Euclid’s “Elements:” Six Juan

Description

Ji he yuan ben (Euclid’s Elements) is a version of the work by Greek mathematician Euclid (circa 323‒circa 285 BC). Presented here is the earliest Chinese translation, done by Italian Jesuit Matteo Ricci (1552‒1610) together with Xu Guangqi. Xu Guangqi (1562‒1633), name Zixian, style name Xuanhu, was born in Shanghai. He received his jin shi degree in the 32nd year (1604) of the Wanli reign of Ming and was a vice minister of the Ministry of Rites and a grand secretary of the Wenyuange Imperial Library. He learned astronomy from Ricci, studied agriculture, recommended the reform of the calendar, and wrote Nong zheng quan shu (Complete book on agricultural administration). In 1606 Xu Guangqi recorded Ji he yuan ben, as dictated by Ricci. They used as the basis for their work the 15-volume Latin-language edition of Euclid’s Elements, revised and supplemented by Christopher Clavius (1538‒1612), of which they succeeded in translating the first six volumes. The Ricci- Xu Guangqi translation brought into China for the first time Euclid’s geometry, with its strict logical system and methodology of reasoning. From this translation, the Chinese words for geometry and geometrical terms such as point, line, parallel line, triangle, and square were adopted and are still used today. These terms have also spread to usage in Japan, Korea, and other countries. This is an important work for Chinese scholars studying learning from the West during the Ming and Qing dynasties.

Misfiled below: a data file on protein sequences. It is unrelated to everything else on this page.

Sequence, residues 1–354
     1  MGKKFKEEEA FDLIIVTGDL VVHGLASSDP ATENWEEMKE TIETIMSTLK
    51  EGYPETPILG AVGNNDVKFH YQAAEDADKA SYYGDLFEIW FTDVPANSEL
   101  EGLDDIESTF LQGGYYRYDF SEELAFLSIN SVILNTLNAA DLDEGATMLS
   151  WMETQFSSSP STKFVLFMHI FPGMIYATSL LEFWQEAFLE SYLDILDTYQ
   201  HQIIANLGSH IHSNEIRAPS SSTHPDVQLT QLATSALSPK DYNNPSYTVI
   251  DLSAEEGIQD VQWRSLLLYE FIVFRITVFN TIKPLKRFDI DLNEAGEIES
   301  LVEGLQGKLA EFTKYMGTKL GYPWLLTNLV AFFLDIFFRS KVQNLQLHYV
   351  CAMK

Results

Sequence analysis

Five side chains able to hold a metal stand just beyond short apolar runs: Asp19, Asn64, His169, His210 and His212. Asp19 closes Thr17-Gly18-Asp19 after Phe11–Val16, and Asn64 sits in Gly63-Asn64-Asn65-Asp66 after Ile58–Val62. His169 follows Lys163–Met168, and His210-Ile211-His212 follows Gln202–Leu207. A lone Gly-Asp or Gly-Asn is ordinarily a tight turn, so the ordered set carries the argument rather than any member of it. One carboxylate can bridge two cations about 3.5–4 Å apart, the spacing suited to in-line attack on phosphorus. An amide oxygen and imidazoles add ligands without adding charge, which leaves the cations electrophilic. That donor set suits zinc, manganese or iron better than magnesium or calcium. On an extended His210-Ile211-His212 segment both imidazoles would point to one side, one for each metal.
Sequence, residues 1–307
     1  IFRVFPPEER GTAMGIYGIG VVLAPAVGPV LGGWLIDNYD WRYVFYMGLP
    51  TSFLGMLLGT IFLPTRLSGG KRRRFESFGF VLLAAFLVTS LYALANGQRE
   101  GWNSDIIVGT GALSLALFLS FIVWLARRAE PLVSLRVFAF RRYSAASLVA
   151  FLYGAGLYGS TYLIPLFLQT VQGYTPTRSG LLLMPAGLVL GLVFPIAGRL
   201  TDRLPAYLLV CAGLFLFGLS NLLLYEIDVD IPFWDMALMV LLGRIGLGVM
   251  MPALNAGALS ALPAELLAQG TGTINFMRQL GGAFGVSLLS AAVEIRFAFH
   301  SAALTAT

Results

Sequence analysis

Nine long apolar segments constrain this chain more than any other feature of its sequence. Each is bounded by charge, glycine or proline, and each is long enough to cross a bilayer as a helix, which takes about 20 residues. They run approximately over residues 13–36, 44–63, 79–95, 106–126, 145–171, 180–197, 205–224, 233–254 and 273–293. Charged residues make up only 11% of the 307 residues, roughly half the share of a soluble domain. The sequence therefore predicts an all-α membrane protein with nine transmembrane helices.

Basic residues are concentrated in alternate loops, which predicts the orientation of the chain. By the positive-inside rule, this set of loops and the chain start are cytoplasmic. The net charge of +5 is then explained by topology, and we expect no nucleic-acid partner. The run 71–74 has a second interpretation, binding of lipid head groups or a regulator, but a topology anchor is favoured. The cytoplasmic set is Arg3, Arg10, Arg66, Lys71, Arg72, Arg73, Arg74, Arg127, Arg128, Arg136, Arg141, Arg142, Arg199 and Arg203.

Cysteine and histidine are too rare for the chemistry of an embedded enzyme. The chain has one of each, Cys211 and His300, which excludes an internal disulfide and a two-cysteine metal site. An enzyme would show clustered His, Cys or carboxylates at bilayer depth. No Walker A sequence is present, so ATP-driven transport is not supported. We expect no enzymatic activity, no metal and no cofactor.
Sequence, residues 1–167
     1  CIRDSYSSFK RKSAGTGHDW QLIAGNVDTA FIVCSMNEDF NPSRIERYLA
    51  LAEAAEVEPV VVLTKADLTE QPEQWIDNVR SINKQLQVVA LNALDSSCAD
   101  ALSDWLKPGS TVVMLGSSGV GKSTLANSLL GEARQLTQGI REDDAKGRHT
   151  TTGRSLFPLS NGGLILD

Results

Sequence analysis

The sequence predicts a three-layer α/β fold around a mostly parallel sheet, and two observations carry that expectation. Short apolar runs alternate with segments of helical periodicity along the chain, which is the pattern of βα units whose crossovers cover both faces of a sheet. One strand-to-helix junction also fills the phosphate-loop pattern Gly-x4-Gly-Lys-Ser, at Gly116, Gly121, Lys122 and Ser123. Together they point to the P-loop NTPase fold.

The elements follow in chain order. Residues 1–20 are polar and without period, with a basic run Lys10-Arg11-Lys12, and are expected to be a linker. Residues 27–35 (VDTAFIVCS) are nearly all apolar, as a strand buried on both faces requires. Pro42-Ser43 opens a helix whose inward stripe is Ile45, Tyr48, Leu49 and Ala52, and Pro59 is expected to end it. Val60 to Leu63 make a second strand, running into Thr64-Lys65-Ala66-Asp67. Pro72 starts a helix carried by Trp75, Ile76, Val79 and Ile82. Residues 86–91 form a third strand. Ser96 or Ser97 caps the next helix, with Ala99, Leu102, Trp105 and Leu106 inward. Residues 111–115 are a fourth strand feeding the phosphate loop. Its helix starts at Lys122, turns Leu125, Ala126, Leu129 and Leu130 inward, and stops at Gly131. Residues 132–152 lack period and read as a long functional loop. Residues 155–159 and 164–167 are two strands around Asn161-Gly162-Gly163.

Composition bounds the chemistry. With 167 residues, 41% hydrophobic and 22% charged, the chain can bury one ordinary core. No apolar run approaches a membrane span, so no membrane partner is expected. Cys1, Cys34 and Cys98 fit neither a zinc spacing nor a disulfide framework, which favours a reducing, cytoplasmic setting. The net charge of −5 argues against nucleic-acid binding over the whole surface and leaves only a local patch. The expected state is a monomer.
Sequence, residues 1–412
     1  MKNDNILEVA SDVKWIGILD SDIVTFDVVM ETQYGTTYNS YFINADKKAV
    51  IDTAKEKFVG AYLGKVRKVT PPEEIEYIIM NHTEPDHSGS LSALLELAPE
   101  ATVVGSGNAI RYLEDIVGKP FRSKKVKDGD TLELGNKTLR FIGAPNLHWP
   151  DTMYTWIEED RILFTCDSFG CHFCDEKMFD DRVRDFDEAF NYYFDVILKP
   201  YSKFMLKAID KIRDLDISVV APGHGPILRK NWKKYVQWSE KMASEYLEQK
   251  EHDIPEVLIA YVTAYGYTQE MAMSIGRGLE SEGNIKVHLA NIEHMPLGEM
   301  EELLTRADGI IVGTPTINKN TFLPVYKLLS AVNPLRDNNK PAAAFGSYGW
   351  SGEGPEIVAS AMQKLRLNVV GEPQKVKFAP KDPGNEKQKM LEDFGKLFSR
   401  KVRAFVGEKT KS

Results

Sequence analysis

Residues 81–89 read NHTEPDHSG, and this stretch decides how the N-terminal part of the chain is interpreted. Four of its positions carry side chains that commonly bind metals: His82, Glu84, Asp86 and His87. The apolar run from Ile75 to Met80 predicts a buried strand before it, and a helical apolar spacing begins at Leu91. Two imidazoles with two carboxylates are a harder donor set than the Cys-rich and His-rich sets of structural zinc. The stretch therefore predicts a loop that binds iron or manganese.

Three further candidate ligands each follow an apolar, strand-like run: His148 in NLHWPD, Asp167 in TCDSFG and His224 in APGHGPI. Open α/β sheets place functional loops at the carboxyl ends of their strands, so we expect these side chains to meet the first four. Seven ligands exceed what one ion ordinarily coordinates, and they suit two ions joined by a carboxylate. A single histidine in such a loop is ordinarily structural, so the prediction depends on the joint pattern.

Last updated: August 31, 2017